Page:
When feeding or rehydrating someone who cannot or will not be fed or rehydrated, every beginning medical student knows that you use a nasogastric tube to deliver fluids. The tube goes in the other end, down the mouth so that liquids are naturally processed by the digestive tract. It is common to see prisoners on hunger-strike being force fed with a naso-gastric tube, so the technology was not completely unknown to the interrogators. And they didn't just accidentally get it wrong.
Except in very unusual circumstances, sticking this tube up someone's rectum is medically contraindicated since you don't get efficient large bowel absorption of water and nutrients and you end up giving the patient an enema. As any first year med student knows, you would have to be a moron to do this. Or a sick rapist bastard. And this was part of their interrogation tactics.
Place yourself in the detainee's position for a moment. They strip you, beat you, threaten and humiliate you. And then they start forcing something up your ass. Regardless of the value of your information that could stop a crime, can you imagine this occurring in any police station in the United States? Fortunately, when the perpetrators are caught and convicted, they go to jail for a very long time.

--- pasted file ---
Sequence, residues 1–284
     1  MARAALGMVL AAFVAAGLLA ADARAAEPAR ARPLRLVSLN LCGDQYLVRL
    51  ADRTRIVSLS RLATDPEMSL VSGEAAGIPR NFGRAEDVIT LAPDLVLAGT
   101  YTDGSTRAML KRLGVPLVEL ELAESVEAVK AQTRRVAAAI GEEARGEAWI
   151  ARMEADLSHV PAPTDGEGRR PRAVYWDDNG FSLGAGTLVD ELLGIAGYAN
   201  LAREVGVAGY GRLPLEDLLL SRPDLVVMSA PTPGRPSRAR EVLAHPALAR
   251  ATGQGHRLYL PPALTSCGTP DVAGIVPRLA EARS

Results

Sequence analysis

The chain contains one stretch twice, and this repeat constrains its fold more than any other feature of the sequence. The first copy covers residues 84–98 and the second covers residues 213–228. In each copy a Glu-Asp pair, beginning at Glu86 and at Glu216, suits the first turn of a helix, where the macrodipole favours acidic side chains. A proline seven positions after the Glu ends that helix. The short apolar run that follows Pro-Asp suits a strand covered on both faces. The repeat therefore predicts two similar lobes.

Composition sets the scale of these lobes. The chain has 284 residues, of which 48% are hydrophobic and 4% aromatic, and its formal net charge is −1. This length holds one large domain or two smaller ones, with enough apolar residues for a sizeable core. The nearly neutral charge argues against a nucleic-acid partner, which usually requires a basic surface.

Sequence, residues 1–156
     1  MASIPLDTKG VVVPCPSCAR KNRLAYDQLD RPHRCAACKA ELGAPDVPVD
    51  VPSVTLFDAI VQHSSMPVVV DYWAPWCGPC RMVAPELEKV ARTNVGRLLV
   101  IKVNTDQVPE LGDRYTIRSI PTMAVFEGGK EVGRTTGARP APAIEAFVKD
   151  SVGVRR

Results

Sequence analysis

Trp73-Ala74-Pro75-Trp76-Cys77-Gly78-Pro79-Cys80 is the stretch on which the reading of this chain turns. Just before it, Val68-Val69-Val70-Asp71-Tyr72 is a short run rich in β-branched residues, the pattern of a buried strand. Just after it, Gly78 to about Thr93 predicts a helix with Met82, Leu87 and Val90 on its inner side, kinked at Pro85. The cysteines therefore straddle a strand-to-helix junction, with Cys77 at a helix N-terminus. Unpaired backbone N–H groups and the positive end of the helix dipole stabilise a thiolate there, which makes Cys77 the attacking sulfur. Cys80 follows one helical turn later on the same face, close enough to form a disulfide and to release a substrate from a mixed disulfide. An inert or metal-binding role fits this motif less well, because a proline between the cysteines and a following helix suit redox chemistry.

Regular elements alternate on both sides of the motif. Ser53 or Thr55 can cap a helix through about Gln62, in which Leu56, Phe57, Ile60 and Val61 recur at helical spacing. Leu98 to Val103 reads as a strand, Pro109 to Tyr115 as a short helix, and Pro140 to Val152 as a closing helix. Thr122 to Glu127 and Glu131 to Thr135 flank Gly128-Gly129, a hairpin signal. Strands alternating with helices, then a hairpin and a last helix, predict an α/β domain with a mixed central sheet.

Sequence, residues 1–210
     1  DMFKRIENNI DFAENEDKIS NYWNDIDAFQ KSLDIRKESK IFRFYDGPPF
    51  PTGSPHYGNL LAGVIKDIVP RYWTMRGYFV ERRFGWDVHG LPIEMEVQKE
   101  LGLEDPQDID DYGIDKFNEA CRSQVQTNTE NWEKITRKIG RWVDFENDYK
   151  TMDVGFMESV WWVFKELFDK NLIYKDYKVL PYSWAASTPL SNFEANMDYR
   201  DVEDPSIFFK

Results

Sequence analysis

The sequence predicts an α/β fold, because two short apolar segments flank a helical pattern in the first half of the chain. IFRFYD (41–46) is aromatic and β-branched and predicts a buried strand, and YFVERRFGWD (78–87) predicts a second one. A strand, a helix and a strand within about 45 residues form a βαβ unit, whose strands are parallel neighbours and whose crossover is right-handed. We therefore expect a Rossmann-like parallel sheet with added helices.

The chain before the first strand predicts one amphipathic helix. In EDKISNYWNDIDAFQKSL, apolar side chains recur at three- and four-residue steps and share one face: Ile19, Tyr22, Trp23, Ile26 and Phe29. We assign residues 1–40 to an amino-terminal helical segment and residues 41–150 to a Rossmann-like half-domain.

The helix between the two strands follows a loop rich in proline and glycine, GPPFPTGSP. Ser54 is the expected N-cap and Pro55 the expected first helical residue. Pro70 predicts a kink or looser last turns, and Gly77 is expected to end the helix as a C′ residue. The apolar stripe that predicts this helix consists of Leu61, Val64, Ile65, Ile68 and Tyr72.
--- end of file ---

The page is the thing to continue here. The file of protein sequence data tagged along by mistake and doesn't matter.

Is it justifiable to rape someone to get actionable intelligence to stop terrorism? This takes the debate to another, more twisted plane than simply beating, threatening, waterboarding and sometimes killing detainees. Somehow, abusing and torturing a terrorist suspect seems less evil, more morally equivalent. But to rape with premeditation the prisoners? What demented soul thought that this was a good patriotic American thing to do?